Studies in Islamic Finance, Accounting and Governance series
Chapter 6: Innovation and authenticity in Islamic finance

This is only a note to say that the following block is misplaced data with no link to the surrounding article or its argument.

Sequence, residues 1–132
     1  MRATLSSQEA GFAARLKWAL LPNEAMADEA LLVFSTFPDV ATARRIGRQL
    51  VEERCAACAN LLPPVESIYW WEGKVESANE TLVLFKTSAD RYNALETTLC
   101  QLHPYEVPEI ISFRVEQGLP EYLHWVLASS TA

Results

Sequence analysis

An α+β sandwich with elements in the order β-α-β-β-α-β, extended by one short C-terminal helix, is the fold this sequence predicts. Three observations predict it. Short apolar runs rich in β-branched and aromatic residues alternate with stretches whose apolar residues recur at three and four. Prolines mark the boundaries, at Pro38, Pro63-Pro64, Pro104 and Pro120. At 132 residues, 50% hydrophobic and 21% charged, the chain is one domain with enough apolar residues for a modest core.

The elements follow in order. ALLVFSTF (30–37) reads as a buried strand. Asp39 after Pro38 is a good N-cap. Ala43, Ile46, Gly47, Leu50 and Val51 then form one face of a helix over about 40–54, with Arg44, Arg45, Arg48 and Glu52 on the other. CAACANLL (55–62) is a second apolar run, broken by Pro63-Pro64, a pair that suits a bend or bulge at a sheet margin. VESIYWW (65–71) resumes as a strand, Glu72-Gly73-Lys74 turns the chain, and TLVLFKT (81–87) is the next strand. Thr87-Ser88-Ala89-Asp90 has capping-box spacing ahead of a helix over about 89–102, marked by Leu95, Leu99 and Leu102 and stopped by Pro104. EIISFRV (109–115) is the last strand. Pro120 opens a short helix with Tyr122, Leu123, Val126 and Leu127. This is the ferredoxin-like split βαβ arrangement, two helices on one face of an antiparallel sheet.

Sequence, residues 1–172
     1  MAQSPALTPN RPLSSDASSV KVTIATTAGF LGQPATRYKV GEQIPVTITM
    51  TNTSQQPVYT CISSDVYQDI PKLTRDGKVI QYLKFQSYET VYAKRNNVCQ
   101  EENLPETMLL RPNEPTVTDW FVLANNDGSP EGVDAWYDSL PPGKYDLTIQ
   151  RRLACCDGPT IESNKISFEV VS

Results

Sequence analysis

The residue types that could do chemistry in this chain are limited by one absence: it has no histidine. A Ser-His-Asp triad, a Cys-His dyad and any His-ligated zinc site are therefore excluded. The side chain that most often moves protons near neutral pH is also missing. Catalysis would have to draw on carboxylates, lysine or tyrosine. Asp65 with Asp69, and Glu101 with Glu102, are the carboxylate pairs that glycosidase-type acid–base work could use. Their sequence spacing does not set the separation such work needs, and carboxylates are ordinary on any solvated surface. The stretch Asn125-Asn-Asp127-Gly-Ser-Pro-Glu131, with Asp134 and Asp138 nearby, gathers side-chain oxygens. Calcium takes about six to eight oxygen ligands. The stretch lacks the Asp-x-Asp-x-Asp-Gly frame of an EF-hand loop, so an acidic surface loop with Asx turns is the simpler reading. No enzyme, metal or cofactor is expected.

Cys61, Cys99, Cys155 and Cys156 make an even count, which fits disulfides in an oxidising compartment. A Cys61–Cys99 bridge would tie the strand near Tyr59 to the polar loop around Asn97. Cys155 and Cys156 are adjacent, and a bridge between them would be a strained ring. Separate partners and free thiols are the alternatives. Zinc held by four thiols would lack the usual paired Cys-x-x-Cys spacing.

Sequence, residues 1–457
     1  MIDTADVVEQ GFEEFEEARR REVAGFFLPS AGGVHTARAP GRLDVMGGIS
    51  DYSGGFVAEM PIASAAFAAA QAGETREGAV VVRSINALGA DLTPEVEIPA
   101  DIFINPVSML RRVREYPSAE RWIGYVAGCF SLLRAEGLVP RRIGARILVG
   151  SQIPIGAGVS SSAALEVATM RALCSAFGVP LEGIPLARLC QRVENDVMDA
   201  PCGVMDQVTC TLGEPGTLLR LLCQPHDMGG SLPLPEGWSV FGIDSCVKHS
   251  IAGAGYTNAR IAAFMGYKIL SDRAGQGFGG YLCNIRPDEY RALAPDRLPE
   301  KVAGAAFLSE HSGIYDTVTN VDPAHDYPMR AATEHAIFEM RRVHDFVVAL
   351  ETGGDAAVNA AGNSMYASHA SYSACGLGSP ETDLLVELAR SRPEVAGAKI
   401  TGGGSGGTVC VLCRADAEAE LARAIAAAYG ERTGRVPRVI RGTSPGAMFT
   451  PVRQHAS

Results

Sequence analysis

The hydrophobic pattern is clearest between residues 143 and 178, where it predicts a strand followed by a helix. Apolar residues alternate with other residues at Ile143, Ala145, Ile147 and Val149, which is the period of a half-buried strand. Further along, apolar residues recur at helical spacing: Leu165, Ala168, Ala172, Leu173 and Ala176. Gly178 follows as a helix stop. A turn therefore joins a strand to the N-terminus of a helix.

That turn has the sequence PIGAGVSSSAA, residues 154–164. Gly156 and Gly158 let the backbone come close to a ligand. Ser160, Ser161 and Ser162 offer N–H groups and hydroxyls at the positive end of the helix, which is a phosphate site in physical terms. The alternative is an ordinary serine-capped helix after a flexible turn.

This implies that forward movement through progress and development is the lifeblood of societies. If societies do not move forward, they will not be able to remain stagnant for a long time; they will ultimately start declining. One of the essential requisites to enable societies to move forward is innovation. A well-known legal maxim of Islamic jurisprudence states that ‘something without which an obligation cannot be fulfilled is also obligatory’. (Shatibi, n.d., p._394; Zarqa, 1967, pp._784 and 1088; and Nadvi, 2000, p._480). If it is necessary for a society to move forward to prevent stagnation and decline, innovation is also, therefore, indispensable. Don Sheelan has expressed the same idea recently by saying that ‘innovation is the lifeblood of an organization’ and that ‘without it, not only is there no growth, but, inevitably, a slow death’ (Sheelan, 2007, p._3). There is, however, a snag that if the innovations are not well conceived, or if they are misused, they may create problems rather than solve them. The accelerated development that the world has witnessed after the Second World War would not have been possible without an unending stream of innovations. The financial system has decidedly played an active role in this development, also as a result of innovations, including the revolution in information and communications technology. The financial system is, however, now plagued by persistent crises. According to one estimate, there have been more than 100 crises over the last four decades (Stiglitz, 2003, p. 54).
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